Significance for Technical Communicators
* Code has always existed to support and enable function. The code has never been the function. Developers tend to forget this simple fact.
* The code & functional objects are the means to an end. They are not the end in themselves. Just as Web Services clarify and reveal function more precisely than anything we've ever seen, haphazard maintenance can kill it.
* Web Services and XML exist to communicate among systems, and so depend on communication among humans, through collaboration: standards bodies, specifications, and protocols.

Increasing revenues and profit margins
As the circles of data relationships widen and overlap, the neglected issue of object re-use will become a matter of survival. Not just for revenue opportunities for replication and re-sale, but because the commercial value of objects will rise dramatically in proportion to the level of testing and validation they receive in a variety of conditions.
More thoughts, not integrated into article:
…Commercial re-use of standardized, plug-n-play components will steadily increase licensing and incremental revenues, and thus profit margins. Their documentation can make them sink or swim. Matching quality Web Services with quality documentation, produced by professional technical communicators with equal savvy in technology, marketing, and business collaboration, can make these products fly.

Meet Nick Besser, PI

I'd like to introduce you to my friend and alter ego, Nick Besser, PI. He's choosing to remain out of sight because working as a PI all these years has made him a bit paranoid. I was hoping that meeting you might lighten him up a bit. God must have a sense of humor, and all that.

Anyway, we're hoping to coax Nick in out of the cold to resume his PI practice. In his PI, or "Private Investigator" role, Nick hunts down performance problems and bottlenecks and brings them to justice. As a seasoned professional he works with clients at all levels, creating a custom routine for each engagement. Oh, this guy has some stories! He could speak to industry groups and trade shows to promote HPT, or Human Performance Technology, his favorite methodology for achieving PI.

Actually, what Nick means by PI is as changeable as the weather. One day he'll say it stands for "Private Investigator", and the next day insist it means "Performance Improver". And when a low pressure front's coming through, he'll claim he's off to HQ to "Purge Idiots."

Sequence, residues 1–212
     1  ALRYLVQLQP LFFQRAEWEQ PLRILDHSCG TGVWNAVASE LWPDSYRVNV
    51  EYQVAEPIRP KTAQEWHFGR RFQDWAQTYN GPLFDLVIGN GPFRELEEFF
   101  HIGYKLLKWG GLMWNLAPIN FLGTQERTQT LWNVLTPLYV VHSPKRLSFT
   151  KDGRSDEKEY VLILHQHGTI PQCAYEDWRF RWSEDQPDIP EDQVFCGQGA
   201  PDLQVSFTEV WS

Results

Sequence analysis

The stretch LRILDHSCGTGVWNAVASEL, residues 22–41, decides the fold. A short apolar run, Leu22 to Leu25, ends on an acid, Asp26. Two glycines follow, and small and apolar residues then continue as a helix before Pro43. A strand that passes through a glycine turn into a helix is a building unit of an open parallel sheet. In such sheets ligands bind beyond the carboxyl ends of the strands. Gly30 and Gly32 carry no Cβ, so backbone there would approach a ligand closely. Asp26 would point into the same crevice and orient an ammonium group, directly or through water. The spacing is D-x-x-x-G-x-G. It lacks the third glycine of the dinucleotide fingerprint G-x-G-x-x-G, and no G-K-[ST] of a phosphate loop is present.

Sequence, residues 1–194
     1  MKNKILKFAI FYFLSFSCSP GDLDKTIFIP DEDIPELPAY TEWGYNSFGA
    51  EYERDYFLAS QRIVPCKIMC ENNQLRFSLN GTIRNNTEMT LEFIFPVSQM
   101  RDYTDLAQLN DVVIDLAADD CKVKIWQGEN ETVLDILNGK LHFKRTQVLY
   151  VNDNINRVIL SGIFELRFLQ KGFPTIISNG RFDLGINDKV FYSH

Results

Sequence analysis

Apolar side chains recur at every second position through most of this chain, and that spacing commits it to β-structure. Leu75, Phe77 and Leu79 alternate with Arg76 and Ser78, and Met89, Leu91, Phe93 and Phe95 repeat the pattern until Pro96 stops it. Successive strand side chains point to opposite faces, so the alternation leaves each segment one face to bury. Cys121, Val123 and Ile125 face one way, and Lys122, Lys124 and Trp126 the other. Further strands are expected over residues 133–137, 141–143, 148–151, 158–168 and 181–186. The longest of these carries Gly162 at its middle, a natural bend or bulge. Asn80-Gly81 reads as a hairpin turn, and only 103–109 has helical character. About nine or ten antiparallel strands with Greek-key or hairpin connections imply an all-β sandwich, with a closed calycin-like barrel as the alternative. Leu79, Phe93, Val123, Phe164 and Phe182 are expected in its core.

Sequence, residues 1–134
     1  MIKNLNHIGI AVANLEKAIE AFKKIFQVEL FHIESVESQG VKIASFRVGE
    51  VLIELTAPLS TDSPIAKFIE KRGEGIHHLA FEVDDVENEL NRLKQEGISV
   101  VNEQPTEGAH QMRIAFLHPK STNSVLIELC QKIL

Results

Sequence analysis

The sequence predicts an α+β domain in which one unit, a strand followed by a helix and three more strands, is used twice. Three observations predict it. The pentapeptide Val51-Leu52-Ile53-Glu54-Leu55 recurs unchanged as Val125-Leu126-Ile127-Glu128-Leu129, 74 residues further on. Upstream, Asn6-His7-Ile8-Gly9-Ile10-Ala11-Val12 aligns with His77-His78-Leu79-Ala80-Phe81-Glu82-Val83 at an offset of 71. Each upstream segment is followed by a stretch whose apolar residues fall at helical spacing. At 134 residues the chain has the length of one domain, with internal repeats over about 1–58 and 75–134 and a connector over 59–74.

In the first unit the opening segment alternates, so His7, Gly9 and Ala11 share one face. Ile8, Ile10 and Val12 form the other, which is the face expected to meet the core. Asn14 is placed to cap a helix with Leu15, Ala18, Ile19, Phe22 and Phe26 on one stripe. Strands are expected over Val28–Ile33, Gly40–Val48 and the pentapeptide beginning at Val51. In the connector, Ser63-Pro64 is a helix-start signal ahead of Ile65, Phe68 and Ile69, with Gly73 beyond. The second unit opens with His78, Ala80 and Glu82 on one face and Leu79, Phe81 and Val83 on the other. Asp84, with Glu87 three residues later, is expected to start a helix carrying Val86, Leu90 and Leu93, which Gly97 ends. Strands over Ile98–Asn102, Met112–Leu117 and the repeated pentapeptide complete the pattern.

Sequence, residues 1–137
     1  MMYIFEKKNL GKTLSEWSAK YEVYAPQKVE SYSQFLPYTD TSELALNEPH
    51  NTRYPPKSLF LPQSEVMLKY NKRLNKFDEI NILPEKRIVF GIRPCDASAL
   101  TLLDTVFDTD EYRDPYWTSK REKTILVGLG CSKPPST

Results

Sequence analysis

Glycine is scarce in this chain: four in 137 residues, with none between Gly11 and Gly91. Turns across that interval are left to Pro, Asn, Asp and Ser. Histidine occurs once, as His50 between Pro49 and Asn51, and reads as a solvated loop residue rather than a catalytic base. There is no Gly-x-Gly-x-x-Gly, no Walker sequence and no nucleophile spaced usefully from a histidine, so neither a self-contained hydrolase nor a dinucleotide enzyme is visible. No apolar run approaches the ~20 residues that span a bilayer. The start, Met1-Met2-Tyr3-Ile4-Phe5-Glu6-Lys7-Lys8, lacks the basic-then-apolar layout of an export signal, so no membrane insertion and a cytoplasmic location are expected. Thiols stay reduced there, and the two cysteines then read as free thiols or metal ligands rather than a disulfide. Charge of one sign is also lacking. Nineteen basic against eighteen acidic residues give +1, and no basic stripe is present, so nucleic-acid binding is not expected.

But, beneath Nick's reserve and stoicism, he's really a very deep and heartfelt guy. Although he never knew his real family, they did name him for for "nichts besser", a Germanic expression that means "none better." He considers it his life mission to fuel the drive to constantly grow and improve that he sees in the heart of every human being.

Nick is currently struggling to resolve his identity confusion. For one thing, he can't say whether his Germanic heritage is Amish or Yiddish. In long nights of research on the all-Yiddish search engine,, he disrupt sleepers with shouts of, "Chey, Barkeep! Gimme anudder Belt o' that Red Eye Borscht!"

Ahem. To resume our detailed analysis: Nick has assembled a rather complex identity from watching every episode of Mannix and other 1970s Private Investigator shows. But somehow, Nick has twisted his title to mean "Performance Improver". And occasionally he regards it as a license to Purge Idiocy throughout the organization.

Our own research into Nick's credentials has confirmed that he is impeccably qualified to satirize the current Security mania. And, as Nick likes to remind us, "Not even the bad guys are really all bad."

Our plan is to start out with some short skits, which we will later merge into a one-man show. Nick will then begin to recruit additional characters--covertly, of course. They will then melt away to a top-secret training camp in the mountains, to prepare a series of hard-hitting, action-packed radio dramas. We've already registered the domain name The name "" seems to have disappeared under a cloud of suspicion.

Before you decide to accept any other assignments, I must urge you to come up with some recommendations for upcoming episode themes. Your discretion in this matter is imperatif.

Suspensefully yours,

David C. aka Nick Besser, PI